- Pilot and auto manufacturer Volvo have agreed to develop a charging network for medium and heavy-duty electric trucks, according to a Tuesday announcement.
- The chargers will be located at select Pilot and Flying J travel centers across the U.S. and will be open to all battery-electric Class 8 truck brands.
- This marks the next step for Pilot in its electric vehicle journey, as the company announced over the summer that it’s building a network of 2,000 fast charging stations across 500 of its U.S. travel centers, with the first stations ready to use by early 2023.
The initiative is Pilot and Volvo’s effort to address infrastructure problems that have hampered medium- and heavy-duty truck electrification, as well as create an opportunity for public funds from federal, state and local agencies to help build out a high-performance charging network, according to the announcement.
“Volvo Group’s proven expertise in electric trucks, combined with our nationwide travel center network and robust energy platform, leverages our respective knowledge and resources to advance the nation’s charging infrastructure,” Shameek Konar, CEO of Pilot, said in the announcement.
Pilot and Volvo, as well as Volvo’s commercial truck brands in North America — Volvo Trucks and Mack Trucks — will select the locations for the chargers, according to the announcement. They will pick based on customer and driver needs, current and anticipated battery-electric truck density, and the availability of public funding to help pay for construction.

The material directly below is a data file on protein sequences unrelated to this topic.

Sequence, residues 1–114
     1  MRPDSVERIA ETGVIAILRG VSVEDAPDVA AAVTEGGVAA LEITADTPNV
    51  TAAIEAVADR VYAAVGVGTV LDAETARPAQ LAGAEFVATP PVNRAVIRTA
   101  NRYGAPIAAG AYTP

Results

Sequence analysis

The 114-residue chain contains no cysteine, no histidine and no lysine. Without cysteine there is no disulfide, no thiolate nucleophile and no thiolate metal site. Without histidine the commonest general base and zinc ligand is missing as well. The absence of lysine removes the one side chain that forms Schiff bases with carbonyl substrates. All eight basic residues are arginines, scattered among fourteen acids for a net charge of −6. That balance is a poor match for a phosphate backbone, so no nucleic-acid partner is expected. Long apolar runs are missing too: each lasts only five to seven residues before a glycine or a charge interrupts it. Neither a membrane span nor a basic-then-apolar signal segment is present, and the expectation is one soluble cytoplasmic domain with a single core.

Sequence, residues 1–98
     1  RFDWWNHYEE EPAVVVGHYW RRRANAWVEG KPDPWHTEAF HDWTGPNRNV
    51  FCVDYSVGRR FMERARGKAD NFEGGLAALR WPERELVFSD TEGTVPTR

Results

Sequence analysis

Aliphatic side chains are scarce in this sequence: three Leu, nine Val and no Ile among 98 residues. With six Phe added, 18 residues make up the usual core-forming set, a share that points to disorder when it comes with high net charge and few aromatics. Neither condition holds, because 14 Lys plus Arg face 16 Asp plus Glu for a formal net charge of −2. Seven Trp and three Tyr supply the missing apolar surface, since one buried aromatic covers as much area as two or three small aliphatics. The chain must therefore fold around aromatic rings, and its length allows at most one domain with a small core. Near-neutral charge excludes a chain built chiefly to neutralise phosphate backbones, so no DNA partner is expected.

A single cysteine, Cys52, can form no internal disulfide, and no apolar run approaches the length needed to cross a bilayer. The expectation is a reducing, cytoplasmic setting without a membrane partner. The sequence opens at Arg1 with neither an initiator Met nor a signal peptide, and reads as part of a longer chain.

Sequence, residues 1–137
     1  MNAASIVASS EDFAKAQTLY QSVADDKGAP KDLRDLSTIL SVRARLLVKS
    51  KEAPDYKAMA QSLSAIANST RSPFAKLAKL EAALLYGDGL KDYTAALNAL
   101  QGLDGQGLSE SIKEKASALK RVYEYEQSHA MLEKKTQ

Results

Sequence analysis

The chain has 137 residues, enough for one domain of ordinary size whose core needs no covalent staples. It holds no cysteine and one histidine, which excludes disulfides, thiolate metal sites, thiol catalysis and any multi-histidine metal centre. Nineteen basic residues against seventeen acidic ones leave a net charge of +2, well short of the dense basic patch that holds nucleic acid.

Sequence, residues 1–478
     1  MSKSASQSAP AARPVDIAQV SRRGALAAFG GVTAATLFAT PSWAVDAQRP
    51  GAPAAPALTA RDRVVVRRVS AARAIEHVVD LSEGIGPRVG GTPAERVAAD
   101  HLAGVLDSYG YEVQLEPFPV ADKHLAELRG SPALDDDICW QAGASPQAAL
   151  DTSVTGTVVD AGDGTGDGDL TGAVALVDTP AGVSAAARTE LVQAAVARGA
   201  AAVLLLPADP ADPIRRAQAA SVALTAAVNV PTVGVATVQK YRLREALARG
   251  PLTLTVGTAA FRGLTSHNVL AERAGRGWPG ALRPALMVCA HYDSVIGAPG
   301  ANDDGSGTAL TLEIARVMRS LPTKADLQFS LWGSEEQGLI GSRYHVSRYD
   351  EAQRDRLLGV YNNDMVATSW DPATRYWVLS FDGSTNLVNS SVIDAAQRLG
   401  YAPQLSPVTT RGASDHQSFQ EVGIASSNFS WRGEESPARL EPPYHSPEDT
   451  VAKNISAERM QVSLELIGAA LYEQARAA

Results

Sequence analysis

Neither company commented on when the rollout will occur or at how many Pilot locations it will launch.
The move is part of Pilot’s $1 billion New Horizons initiative, which includes a variety of store and fueling updates aimed at modernizing the travel stop experience. As of November, Pilot said its three-year plan was on track, with updates completed at around 55 locations, while 60 stores had received a light update.
As c-store chains around the country continue to build out hundreds of EV charging stations on site, Pilot’s goal to have thousands marked the beginning of an EV arms race in the industry.
Pilot’s regular charging stations will feature canopies to help protect customers from the weather while charging, as well as a pull-through design, which allows easier charging for electric pickup trucks and SUVs pulling trailers. They’ll also be capable of offering up to 350-kilowatts.